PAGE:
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Saying "Ciao" to Italy, Slowly but Surely

A chance encounter between two other people led Carl Hildebrand to develop a working relationship with a broker from Milan, Italy.

Though Hildebrand, a sales associate with Sports and Entertainment Realty Advisors in Miami, studied for two years in Torento, Italy, while earning his master’s degree in international management, he hadn’t done any real estate business with Italians.

That was, until his sister met a Milanese broker named Stefania while vacationing in San Francisco. “Through my sister’s introduction,” says Hildebrand, “we began to have a professional relationship.”

It began through e-mail, progressed to phone calls, and then Hildebrand added a detour to Milan on a trip he was planning to Switzerland. While in Milan, he met with Stefania, who took him to see her listings and introduced him to her colleagues. “It made sense that we’d keep in touch,” he says, “and she’s since come to Miami. I’ve shown her my office and my listings, and I’ve introduced her to my friends.”

Hildebrand says he writes and speaks Italian at an intermediate level, but Stefania’s still developing her English skills. That means the two still have to sometimes depend on translation aids for uncommon words, including contractual terms. If he didn’t speak Italian, he says, it would have been “very difficult” to have built the relationship.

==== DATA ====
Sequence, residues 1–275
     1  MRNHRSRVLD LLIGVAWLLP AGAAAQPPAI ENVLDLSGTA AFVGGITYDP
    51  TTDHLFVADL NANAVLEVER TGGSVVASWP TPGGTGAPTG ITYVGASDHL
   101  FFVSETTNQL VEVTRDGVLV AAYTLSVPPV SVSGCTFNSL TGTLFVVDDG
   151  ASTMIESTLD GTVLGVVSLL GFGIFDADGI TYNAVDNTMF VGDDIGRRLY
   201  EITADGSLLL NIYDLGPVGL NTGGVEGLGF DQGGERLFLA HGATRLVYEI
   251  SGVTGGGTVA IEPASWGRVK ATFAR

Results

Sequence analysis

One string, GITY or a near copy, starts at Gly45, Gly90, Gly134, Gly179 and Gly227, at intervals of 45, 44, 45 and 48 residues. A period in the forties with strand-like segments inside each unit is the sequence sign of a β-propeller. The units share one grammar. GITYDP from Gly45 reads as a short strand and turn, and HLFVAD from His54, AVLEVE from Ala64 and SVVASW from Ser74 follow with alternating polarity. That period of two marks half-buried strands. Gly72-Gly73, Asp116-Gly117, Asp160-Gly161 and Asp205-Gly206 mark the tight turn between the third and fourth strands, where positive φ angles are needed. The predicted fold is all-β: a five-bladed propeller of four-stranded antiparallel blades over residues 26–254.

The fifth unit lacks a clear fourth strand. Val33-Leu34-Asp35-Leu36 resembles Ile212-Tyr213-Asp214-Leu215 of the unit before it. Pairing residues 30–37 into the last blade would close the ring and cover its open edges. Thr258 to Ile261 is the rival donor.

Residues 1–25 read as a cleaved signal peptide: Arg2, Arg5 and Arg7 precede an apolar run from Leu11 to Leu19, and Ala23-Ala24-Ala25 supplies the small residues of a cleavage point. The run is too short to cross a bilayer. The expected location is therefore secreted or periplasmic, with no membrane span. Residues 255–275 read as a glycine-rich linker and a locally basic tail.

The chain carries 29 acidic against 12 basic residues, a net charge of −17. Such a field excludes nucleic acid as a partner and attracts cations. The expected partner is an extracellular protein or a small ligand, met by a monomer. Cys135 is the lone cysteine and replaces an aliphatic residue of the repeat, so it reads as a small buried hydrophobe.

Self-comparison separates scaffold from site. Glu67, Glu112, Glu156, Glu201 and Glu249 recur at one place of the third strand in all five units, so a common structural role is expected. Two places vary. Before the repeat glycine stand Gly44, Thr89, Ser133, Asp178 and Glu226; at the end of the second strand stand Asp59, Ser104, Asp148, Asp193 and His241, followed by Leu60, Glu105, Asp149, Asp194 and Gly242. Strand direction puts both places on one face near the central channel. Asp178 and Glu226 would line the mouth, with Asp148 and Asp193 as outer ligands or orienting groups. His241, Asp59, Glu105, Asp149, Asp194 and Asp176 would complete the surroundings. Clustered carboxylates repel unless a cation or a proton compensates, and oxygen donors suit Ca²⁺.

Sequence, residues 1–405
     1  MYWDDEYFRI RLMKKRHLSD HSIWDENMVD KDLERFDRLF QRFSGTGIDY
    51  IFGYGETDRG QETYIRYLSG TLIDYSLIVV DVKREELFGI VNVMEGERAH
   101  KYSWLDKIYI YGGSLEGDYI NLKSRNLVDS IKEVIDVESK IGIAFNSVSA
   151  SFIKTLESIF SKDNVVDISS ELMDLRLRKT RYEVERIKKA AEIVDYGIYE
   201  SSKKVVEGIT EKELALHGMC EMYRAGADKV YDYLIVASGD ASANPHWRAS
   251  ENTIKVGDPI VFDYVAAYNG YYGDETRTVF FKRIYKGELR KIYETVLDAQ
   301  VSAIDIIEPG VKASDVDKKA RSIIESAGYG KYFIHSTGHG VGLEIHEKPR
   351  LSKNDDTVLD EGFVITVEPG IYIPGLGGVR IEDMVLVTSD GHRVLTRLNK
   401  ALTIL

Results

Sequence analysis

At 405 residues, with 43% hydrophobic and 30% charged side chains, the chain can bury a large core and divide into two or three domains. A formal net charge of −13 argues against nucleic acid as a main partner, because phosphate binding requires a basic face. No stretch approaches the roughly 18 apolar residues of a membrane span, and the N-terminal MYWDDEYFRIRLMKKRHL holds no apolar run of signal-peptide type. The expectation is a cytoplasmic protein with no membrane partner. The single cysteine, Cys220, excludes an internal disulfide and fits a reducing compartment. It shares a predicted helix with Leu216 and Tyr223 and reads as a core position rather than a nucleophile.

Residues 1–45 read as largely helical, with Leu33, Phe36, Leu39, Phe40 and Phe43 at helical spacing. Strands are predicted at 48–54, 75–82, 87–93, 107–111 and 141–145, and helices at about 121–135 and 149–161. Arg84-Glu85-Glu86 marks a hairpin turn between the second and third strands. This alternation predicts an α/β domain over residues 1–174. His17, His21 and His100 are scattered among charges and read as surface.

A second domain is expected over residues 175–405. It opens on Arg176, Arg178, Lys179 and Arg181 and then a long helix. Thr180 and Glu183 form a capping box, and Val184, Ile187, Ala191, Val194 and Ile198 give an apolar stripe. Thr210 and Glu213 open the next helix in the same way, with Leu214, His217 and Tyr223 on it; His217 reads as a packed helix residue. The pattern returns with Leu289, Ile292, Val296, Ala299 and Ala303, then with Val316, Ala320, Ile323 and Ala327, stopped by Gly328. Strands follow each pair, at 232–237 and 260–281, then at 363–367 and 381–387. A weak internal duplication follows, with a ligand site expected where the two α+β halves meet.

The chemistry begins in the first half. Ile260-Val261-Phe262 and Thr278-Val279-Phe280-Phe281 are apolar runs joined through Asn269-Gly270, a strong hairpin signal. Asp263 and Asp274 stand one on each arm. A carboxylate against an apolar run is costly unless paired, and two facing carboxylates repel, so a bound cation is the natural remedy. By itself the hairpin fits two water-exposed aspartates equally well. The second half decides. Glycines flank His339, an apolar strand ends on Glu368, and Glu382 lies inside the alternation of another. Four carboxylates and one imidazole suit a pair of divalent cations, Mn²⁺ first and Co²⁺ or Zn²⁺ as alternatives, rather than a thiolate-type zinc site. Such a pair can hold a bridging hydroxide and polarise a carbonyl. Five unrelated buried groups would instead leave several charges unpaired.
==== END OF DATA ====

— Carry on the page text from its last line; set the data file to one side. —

Becoming familiar with the Italian culture is also important, he says. For example, he says it’s a big no-no to order cappuccino in the evening, but it’s not a no-no for Italians to smoke indoors. “Americans shouldn’t be offended by that,” he says.

Don’t be thrown by business hours. “In some parts of Italy,” he says, “people start work at 10 a.m., close at 12:30 p.m., reopen at 3 p.m. and close at 8 p.m.” Also, it’s not OK to schedule business on weekends.

After two years, Hildebrand believes his relationship with Stefania is beginning to bear fruit. “It’s taken two years to meet and greet, and now she’s comfortable referring her clients,” he says. “I felt like I had to hurry to build the business, but it’s not that easy. You have to build the relationship first. Now that it’s built, it’ll stay around a lot longer, and it means more.”